Being on the edge of the 3rd trimester, I had a moment of anxiety that we had bought nothing for this baby. Literally nothing. We have several baby blankets that folks have given us and an umbrella stroller hand-me-down, but other than that there really was no practical object in our apartment so far for an upcoming baby. I don’t know if it is a combination of “I hate making decisions,” “I am not very fond of shopping,” or some sort of not-being-sure-if-its too early, but we finally decided that being less than three calendar months from a due date was time to start getting serious.

The first purchase was angst-y, but went pretty well. I decided that purchasing a crib would make me feel like we had actually done something. So we ordered a subscription to Consumer Reports to try to learn what I should be looking for in a very-safe-crib. I am a professional woman: when in doubt, research! We didn’t really like any of the ones we had seen in our window shopping at a local baby-store, so we ended up ordering one of the ones CR liked, that conveniently we liked the look of and also got good reviews from short parents. Done! Over-researched purchase #1 complete and here’s hoping that we like it as much in person!

Ok, well what comes after a crib? A carseat. I figure if we have a place for whippersnapper to sleep, and a way to get her home, then we are starting to get real here. Like, in case of emergency, the fella could run out for diapers and some packs of onesies and we wouldn’t be totally negligent parents. Baby-steps.

So after consulting the trusty Consumer Reports, we went out to the baby store to see things in person. We knew exactly the one we wanted to look at, we located it in the store, and then we spent a lot of time feeling like idiots. There were so many buttons! We knew we wanted to remove the carrier to see how heavy the it was without the base, and there the two of us stood, three masters degrees between us, completely baffled by baby equipment. We kept pushing buttons and pulling levers that did something else: this one tilts the car seat, this one moves the handle. There’s straps that move and are tightened. We try looking around to see if someone else has made this work. We try pushing buttons at the same time while lifting. At one point, we start wondering if maybe they have connected the carrier to the base to prevent theft, and put the whole thing on the floor to see what it feels like, while making comments like “how much heavier can the base be than a baby?.” Finally we have returned the whole thing to the display shelf and are trying to look at the different models and covers, when a woman walks up and in a single fluid motion, removes the carrier to test it out on a stroller base. The fella and I exchange knowing glances. This clear baby-expert is here with two other friends, and is demonstrating for them the things they should care about in a stroller (“Because you aren’t going to want to lug something heavy around just to run in for something in Target”). We subtly try to mimic her magic on the adjacent carseat, while simultaneously listening in for any wisdom this guru is sharing. She wheels around the car-seat on the snap-n-go with ease (“I actually think I like the same brand name version better. These weren’t available when I was in the market.”) Lo and behold, we push the button that she had pushed while lifting and like magic the carrier releases. How is this possible? We had tried that several times before to no luck! One of her friends, at that moment, looks to us with pity and says “First baby?”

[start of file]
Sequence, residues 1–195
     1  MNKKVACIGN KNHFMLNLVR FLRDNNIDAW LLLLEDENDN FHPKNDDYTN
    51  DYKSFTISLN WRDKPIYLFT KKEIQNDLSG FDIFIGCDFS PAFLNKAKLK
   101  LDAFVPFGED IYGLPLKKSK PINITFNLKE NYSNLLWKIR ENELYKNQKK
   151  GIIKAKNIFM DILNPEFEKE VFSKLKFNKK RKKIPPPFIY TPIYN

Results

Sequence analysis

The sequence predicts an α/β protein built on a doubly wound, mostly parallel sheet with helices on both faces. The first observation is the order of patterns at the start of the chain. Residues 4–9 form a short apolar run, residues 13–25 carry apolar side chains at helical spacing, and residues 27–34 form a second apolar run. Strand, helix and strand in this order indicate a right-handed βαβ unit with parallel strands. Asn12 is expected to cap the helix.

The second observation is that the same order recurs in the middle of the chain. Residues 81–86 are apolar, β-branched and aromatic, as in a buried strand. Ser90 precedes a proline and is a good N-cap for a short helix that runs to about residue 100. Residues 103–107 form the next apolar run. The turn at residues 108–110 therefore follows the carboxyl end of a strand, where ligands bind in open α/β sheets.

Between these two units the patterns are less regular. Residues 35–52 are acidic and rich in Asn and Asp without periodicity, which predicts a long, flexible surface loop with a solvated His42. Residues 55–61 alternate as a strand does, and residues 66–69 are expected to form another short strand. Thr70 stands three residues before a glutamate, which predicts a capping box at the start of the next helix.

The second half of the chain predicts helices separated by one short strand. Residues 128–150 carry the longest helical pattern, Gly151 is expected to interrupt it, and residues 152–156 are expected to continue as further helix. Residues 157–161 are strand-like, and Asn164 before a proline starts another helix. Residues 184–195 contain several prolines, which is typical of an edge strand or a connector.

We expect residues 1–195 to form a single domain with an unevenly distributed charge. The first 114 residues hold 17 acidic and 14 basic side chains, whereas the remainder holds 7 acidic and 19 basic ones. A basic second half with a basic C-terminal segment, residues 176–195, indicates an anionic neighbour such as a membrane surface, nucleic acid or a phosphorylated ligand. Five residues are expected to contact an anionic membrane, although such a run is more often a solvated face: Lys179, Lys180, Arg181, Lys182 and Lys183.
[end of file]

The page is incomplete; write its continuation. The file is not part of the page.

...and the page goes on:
So this is what I have learned from shopping so far. Despite all attempts to play it cool, we are going to be ridiculous first-time parents. I will read all of the reviews and probably pay too much. I am going to be baffled by simple objects. I am some baby-producers dream because in my bafflement, I have very little way to judge what is necessary and not. And as much as I would like to use my research to cover my inadequacies, a pinch of experience trumps a pound of research any day. Sigh.

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